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46709 Posts in 5588 Topics by 13297 Members Latest Member: - Shane786 Most online today: 32 - most online ever: 429 (November 03, 2007, 04:35:43 AM)
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Author Topic: Verne characters  (Read 650 times)
btrc
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Posts: 328


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« on: March 04, 2011, 06:55:18 AM »

I'm posting this as a game development item as an example of how to take crunchy rules and push them into the background:

http://www.rpgnow.com/product_info.php?products_id=88917

This is a question & answer interactive pdf that is a front-end for the Verne steampunk supplement for EABA. EABA is a pretty crunchy system, at least by Forge standards, but the pdf means that someone who has never even seen the rules can make up a fully stat'd character with a handful of mouse clicks, while someone familiar with the system can use it as a customization tool.

With more and more people doing downloads for their games and the increasing prevalence of thick, expensive character sheets (aka tablet PC's), the same idea could be applied to just about any RPG. I love me my detailed game mechanics, but the less they intrude into the play experience, the better.

Greg
BTRC
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contracycle
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« Reply #1 on: March 04, 2011, 07:49:48 AM »

Well, clearly tastes differ.  I would point out that for very many computer games, the players and fans go to extraordinary lengths to extract the underlying, concealed mechanics from the programme.  Some, perhaps many, won't do this and won't be interested in the results, but for others understanding the precise consequences of their decisions enhances play rather than detracting from it.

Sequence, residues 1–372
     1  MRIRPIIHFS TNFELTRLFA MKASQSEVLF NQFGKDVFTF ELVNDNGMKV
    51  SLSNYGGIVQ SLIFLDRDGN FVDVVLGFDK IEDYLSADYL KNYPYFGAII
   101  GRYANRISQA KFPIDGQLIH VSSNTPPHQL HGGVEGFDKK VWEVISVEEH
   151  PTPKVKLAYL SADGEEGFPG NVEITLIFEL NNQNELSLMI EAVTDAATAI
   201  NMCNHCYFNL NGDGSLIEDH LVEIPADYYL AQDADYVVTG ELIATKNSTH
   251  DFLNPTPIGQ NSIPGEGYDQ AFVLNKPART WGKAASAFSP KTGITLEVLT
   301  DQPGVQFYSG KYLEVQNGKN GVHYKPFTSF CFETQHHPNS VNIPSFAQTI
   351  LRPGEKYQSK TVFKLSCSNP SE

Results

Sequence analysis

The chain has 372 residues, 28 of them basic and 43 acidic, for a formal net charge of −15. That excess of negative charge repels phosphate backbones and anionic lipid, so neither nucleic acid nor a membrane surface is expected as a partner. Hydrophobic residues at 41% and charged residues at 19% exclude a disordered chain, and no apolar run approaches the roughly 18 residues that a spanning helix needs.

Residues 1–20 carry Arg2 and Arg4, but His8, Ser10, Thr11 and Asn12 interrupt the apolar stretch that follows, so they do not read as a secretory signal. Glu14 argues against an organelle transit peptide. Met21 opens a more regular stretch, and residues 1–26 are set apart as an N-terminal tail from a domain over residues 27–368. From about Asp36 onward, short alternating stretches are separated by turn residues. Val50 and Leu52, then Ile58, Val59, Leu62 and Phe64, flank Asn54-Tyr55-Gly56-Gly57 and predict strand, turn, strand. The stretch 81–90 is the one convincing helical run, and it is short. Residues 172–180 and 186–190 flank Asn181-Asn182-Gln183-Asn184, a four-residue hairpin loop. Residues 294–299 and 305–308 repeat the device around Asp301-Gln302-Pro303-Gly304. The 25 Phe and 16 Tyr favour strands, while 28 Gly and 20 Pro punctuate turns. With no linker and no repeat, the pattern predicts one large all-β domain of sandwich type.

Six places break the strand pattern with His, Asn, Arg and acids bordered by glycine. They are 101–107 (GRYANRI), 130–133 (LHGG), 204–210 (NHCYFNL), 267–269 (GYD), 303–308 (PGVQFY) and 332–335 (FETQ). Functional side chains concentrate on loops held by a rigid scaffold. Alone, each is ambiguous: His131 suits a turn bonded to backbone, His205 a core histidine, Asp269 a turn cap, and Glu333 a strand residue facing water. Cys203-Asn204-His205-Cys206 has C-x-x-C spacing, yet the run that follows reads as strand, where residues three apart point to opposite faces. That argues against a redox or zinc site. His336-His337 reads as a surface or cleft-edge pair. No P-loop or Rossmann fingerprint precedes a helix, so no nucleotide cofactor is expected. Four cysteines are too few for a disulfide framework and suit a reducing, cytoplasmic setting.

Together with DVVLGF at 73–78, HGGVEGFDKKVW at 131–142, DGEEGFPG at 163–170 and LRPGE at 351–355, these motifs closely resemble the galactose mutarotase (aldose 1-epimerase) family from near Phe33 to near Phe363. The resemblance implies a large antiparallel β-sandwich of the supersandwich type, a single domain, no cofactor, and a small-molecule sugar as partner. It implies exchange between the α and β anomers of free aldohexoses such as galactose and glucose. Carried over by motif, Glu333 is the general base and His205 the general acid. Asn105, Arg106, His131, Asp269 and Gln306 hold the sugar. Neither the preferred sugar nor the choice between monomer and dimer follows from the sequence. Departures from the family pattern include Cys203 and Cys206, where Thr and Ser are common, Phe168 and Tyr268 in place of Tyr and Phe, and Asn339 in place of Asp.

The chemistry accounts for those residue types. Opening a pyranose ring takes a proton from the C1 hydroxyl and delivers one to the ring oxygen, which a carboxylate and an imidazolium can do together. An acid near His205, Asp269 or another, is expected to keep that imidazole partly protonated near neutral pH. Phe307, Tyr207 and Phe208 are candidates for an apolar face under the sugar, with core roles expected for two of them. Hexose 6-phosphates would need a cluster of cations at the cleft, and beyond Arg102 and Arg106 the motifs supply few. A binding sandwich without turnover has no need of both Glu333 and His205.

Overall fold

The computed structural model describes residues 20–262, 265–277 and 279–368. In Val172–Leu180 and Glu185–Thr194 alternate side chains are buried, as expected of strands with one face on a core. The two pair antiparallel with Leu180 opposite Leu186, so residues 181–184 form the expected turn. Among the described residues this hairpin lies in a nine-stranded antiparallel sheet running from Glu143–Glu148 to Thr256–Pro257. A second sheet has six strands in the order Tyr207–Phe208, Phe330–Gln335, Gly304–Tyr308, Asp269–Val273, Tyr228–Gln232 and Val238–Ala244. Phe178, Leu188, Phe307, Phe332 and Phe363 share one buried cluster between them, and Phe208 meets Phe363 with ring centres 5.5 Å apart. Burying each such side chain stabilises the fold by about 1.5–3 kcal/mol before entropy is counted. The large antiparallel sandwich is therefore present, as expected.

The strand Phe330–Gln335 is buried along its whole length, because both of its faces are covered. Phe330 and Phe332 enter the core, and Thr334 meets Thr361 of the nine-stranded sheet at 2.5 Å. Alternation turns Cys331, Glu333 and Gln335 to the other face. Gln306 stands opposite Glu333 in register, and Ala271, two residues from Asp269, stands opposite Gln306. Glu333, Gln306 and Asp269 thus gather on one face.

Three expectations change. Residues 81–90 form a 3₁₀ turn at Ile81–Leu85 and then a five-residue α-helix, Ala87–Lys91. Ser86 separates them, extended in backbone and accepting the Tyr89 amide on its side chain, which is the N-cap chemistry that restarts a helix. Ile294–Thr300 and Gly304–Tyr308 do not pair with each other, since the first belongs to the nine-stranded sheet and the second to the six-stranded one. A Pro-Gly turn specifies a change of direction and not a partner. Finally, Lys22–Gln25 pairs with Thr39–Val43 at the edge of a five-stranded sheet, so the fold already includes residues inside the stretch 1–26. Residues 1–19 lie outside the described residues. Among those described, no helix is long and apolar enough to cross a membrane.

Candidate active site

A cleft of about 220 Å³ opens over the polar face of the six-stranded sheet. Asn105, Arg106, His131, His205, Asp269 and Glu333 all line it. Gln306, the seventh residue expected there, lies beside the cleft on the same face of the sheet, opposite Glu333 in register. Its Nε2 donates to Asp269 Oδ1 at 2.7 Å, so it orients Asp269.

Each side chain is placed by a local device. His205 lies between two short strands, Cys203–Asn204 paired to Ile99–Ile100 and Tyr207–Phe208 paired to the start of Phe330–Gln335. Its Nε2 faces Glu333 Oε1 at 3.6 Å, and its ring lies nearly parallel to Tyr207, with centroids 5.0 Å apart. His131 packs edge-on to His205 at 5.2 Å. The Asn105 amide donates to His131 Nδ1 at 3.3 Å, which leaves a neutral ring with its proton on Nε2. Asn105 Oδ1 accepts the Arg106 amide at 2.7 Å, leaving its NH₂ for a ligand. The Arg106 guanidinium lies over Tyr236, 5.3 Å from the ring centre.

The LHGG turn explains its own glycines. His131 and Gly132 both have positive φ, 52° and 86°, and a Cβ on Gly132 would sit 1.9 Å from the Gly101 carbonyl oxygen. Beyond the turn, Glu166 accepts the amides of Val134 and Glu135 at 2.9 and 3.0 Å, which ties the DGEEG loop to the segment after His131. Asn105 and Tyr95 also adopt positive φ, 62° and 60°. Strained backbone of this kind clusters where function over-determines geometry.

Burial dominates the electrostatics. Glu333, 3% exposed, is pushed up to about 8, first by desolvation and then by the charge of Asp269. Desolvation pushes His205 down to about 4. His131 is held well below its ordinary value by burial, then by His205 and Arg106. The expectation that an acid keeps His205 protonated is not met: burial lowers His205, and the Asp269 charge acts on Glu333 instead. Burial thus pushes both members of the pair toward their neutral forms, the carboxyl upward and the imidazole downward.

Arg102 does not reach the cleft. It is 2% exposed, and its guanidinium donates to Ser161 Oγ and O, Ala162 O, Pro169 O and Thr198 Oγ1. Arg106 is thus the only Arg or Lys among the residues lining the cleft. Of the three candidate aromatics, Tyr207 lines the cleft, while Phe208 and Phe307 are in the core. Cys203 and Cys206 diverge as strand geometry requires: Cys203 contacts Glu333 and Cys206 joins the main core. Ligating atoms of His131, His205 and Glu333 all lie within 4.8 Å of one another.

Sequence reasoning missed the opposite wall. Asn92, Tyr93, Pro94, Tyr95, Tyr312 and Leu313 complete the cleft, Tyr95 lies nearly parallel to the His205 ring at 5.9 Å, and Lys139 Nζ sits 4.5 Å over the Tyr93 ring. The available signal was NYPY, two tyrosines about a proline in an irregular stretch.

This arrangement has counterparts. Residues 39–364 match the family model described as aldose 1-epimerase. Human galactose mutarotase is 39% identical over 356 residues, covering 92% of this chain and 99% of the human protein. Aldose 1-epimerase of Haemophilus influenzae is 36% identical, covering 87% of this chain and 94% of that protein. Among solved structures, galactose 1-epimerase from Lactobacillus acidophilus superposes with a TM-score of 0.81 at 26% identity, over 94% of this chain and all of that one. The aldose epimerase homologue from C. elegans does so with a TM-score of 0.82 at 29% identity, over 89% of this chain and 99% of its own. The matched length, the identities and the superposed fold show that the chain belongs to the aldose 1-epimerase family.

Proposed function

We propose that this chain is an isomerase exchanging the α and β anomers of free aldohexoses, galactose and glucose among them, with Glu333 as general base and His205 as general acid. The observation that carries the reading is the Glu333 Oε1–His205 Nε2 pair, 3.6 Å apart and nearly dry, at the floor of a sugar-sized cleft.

Sure, handling time is a concern and can be a pain.  I'm not opposed to automation, and indeed it will be interesting to see whether tablet machines can be exploited for tabletop RPG (although I'd think they'd need to be able to talk to each other to really do this).  But I'm unconvinced that making the system more opaque is universally desirable.
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"He who loves practice without theory is like the sailor who boards ship without a rudder and compass and never knows where he may cast."
- Leonardo da Vinci
btrc
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Posts: 328


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« Reply #2 on: March 04, 2011, 09:56:03 AM »

I agree with just about everything you said. The point was not to opaque or hide the system from everyone, just those who don't want to see it. Or, the "friend stops by and you're running a game" situation. They don't have to spend a lot of time hammering out a character that they are only going to use once. Presto! It's done.

It is just an extension of things like the Hero System Grimoire. Sure, you can design up a hundred spells yourself, and some people prefer to, or you can just take advantage of someone else's labor to save you a lot of time. All the nuts and bolts are still there for whose who want them.
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